Russian Federation v. Server Mustafayev and Others

All eight of the defendants are Crimean Tatars, practicing Muslims, and human rights activists. The prosecution charged each man “preparation for a forcible seizure of power or forcible retention of power” and “organising” or “participating” in the activities of a terrorist organization.

Russian Federation v. Yulia Tsvetkova

Yulia Tsvetkova faces up to six years in prison for the alleged distribution of pornography to minors. The charges stem from Tsvetkova’s drawings of female genitalia on a social media page she entitled “Vagina Monologues.” The drawings were part of a body-positive women’s empowerment campaign.

Kazakhstan v. Alnur Ilyashev

Alnur Ilyashev was prosecuted under Article 274 of Kazakhstan’s Criminal Code for “disseminat[ing] knowingly false information” in a state of emergency on the basis of three Facebook posts that criticized the ruling Nur Otan party for corruption and incompetence, including in response to COVID-19.

Cambodia v. Ros Sokhet

In late 2020, the ABA Center for Human Rights monitored the criminal trial of journalist Ros Sokhet in Cambodia as part of the CFJ’s TrialWatch initiative. Mr. Sokhet was criminally prosecuted, convicted, and sentenced for non-violent political speech, violating his right to freedom of expression.

Uganda v. Moses Bwayo

Journalist and filmmaker Moses Bwayo was charged with unlawful assembly for shooting a scene for a documentary about opposition activist, presidential candidate, and musician Bobi Wine: the authorities alleged that the gathering and filming constituted subversion of the Ugandan government.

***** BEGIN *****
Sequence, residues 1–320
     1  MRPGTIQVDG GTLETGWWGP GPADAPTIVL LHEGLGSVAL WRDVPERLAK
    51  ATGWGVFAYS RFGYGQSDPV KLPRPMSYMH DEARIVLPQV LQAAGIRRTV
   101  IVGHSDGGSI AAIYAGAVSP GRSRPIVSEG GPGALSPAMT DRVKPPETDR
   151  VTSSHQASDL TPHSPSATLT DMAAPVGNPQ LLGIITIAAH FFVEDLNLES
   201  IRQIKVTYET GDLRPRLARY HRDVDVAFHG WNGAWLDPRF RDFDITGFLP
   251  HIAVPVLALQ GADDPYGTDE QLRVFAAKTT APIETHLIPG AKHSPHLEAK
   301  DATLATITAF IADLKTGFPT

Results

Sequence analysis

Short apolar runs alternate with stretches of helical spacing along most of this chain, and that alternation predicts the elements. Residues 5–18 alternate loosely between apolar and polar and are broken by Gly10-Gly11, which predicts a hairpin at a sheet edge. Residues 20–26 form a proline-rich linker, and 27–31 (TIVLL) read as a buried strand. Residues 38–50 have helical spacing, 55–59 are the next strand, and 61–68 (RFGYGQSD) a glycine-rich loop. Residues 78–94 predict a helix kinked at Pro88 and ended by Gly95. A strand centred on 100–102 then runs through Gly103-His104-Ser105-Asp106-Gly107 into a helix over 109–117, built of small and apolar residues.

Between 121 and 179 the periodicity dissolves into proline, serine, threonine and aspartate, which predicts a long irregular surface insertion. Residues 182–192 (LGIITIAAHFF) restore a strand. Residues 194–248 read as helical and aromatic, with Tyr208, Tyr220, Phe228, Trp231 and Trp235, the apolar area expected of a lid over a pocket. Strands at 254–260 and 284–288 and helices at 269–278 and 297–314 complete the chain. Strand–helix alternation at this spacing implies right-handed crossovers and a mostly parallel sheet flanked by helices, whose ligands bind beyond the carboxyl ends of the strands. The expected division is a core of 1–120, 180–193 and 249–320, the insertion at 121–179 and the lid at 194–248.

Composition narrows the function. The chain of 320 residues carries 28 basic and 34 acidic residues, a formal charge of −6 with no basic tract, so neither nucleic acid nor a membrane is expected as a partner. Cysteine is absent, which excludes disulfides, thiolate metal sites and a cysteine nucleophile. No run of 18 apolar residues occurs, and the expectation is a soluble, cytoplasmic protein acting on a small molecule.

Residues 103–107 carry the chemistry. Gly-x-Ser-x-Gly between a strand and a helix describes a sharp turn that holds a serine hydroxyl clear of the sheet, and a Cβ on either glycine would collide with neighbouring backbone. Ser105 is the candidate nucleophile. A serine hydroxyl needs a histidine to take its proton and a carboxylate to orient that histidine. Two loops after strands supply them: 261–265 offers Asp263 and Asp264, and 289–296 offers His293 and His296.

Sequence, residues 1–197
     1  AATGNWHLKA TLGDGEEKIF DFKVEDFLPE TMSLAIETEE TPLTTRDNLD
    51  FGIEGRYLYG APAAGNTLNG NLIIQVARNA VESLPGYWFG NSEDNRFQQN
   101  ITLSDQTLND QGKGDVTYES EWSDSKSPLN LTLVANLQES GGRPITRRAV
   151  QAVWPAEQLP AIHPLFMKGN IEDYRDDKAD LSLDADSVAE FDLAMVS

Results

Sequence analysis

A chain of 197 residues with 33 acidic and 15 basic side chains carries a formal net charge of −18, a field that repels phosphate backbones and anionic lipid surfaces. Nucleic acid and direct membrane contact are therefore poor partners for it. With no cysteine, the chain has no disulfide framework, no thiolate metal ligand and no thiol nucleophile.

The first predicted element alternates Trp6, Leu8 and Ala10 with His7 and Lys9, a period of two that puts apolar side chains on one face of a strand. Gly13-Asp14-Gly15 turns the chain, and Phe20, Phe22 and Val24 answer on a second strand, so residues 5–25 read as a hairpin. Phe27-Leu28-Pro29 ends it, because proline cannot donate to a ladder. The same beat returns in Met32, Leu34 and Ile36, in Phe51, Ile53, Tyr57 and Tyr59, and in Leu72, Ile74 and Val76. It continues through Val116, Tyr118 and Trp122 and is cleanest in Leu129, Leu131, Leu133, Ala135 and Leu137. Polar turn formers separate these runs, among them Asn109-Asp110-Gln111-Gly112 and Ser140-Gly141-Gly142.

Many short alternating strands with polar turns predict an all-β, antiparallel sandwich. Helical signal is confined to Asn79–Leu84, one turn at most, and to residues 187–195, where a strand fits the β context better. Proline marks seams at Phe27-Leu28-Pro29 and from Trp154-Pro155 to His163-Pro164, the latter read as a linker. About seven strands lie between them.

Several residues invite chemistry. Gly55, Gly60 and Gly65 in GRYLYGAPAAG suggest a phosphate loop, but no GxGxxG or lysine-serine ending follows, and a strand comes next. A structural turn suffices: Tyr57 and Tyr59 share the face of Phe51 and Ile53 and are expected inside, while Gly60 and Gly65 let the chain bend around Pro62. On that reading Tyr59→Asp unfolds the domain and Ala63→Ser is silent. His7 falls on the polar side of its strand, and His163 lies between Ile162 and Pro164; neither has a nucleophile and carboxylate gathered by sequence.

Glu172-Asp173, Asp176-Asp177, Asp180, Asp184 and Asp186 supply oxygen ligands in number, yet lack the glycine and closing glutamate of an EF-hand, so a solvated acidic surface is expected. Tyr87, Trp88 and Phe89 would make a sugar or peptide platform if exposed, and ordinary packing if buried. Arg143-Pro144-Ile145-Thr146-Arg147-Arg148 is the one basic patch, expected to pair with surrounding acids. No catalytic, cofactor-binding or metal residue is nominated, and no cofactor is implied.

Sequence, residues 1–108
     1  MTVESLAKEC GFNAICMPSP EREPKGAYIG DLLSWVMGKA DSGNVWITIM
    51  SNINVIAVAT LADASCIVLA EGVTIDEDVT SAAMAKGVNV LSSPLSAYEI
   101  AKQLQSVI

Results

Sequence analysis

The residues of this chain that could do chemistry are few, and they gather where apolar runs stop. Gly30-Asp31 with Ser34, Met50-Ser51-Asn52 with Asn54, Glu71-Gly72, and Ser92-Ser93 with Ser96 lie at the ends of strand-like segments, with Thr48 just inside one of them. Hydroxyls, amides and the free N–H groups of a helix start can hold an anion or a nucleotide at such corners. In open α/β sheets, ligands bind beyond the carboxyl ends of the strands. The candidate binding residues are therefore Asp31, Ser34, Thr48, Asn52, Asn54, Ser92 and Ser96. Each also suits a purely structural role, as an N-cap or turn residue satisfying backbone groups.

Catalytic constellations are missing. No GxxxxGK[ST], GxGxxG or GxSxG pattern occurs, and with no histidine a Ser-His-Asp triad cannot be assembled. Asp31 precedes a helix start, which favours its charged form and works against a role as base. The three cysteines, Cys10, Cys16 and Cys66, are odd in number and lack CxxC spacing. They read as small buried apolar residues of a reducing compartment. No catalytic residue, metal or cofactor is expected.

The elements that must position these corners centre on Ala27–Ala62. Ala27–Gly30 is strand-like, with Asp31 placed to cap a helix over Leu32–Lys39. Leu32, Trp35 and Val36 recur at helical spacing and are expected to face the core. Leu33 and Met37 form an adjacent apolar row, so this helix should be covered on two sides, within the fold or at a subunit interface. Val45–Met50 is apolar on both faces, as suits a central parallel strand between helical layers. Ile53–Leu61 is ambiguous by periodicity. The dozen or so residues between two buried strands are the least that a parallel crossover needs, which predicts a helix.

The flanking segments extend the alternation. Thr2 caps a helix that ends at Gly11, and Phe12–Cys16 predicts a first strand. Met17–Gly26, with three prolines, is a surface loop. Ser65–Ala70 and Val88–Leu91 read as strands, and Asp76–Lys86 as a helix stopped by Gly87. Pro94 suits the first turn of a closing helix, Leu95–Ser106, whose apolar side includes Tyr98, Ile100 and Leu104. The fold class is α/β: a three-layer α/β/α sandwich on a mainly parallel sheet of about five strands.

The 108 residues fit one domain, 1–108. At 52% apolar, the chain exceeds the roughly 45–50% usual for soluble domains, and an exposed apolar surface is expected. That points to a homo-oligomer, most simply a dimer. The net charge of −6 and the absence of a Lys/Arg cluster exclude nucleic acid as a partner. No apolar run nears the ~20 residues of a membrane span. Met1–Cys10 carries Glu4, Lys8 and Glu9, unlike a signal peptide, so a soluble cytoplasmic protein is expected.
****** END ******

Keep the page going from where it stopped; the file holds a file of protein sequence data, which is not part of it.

Cambodia v. Kong Raiya

Kong Raiya was prosecuted and convicted for “incitement to disrupt social order.” The case against him stemmed from Facebook posts in which he advertised the sale of t-shirts commemorating a slain critic of the Cambodian government.

Morocco v. Omar Radi

The trial of journalist Omar Radi for ‘insulting the judiciary’ based on a single tweet about a judge’s ruling did not meet basic international human rights standards for assuring a fair trial.

Poland vs. Elzbieta Podlesna, Anna Prus, and Joanna Gzyra-Iskandar

From January to March 2021, the American Bar Association (ABA) Center for Human Rights monitored the trial of human rights defenders Elzbieta Podlesna, Anna Prus, and Joanna Gzyra-Iskandar as part of the Clooney Foundation for Justice’s Trial Watch initiative.

Russian Federation vs. Anastasia Shevchenko

The Law on Undesirable Organizations is ripe for abuse. The term “undesirable” is vaguely defined as anything threatening Russia’s constitutional order, security, or defense. The law’s imprecision affords the authorities unfettered – and thus dangerous – discretion, permitting the de facto criminalization of movements and opinions that diverge from the government’s agenda. This was borne

Belarus v. Katsiaryna Andreyeva and Daria Chultsova

The entirety of the case, as evinced by the absolute lack of evidence against Ms. Andreyeva and Ms. Chultsova, was geared towards suppressing independent journalism and sending a warning signal to other media outlets reporting on mass demonstrations in Belarus.

Russian Federation vs. Svetlana Prokopyeva

Ms. Prokopyeva’s trial was characterized by serious violations of international standards that both affected the trial’s outcome and undermined freedom of speech in Russia. In essence, a military court tried and convicted a civilian journalist for exploring the possible reasons behind the bombing, and for expressing criticism of the Russian government.